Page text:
Sunday, August 28, 2011
Linger by Maggie Stiefvater
Like Shiver, Maggie uses split narrative to tell her story, but this time she uses four POV's rather than two. Personally, I think this is a dangerous way to tell a story when you're using the first person narrative. I've read a number of books that have tried it but have felt very few of them were stronger for it (please, don't get me started on Jacob's tour of the first person narrative in Breaking Dawn). For me the problem is that I bond differently with each character. Obviously, I don't like each character equally so when the narrative switches I may or may not be happy about it, but whether I like the character or not, some degree of disruption in the narrative flow occurs.
I think Shiver would have been a stronger book without the alternating narrative, but Maggie did a good enough job with it that it didn't hurt the book, I just don't feel like it enhanced it in any way. Again, in Linger, I would prefer that she hadn't used split narrative, but surprisingly I enjoyed it more here than I did there. For me the major reason for the improvement was the use of Cole. As I stated in my review of Shiver, I thought Maggie did a bad job with the male POV. She did a MUCH better job (although, not a perfect one) in Linger, particularly with Cole. Consequently, for me, the split POV did add SOMETHING because it showed that Maggie could write a more convincing male character.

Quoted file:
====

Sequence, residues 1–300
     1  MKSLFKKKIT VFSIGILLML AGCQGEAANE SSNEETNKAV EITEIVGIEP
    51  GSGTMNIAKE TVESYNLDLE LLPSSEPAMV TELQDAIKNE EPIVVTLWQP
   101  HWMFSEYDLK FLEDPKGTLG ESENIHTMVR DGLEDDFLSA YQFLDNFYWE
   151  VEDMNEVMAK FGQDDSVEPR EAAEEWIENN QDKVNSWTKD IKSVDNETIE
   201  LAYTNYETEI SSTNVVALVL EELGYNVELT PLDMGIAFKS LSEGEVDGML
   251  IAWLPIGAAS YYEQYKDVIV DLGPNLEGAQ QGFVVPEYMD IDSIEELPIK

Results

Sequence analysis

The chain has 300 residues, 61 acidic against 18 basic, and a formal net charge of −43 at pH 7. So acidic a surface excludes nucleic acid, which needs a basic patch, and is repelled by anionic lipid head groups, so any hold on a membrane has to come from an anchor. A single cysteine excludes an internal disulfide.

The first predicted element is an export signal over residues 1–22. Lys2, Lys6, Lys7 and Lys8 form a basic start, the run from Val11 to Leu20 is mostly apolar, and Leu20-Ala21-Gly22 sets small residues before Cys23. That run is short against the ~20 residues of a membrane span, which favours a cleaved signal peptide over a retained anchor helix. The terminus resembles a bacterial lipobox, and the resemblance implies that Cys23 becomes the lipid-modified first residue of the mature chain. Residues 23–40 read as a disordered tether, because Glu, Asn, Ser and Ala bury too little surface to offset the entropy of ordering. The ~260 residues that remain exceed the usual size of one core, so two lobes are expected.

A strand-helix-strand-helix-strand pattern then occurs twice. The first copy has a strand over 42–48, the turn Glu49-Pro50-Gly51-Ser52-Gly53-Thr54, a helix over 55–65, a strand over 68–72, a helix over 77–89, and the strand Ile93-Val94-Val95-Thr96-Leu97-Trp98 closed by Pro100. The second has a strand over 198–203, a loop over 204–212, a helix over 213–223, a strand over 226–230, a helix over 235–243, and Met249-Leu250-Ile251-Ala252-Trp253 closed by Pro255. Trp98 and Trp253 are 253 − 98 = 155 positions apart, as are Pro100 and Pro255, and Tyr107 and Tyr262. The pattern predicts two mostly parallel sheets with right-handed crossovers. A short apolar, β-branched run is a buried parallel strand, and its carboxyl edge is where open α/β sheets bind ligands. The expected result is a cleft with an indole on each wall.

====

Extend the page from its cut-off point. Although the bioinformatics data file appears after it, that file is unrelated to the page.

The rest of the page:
As I said in my review of Shiver, I love Maggie's spin on the werewolf mechanics but the volatility of the catalyst made me dubious about some of the scenes. As it turns out, I was right to be dubious. In Linger, Maggie confronts this problem and while we still don't have a clear answer, an apparent defect in Shiver, has been cured to some extent.
My biggest problem with Linger was the middle book syndrome I mentioned above. But it isn't as bad as it could have been. Maggie creates a clear problem particular to this book and works thru it, so this book has purpose on it's own, but the book moves slower than it needs to primarily thru the inclusion of interesting but unnecesary interpersonal obstacles.
This was a solid second book and a minor improvement on the first. At the time of this writing, Forever, the third and final entry in the series has recently published. I'll be picking it up sooner rather than later.
Posted by Chris at 8:59 PM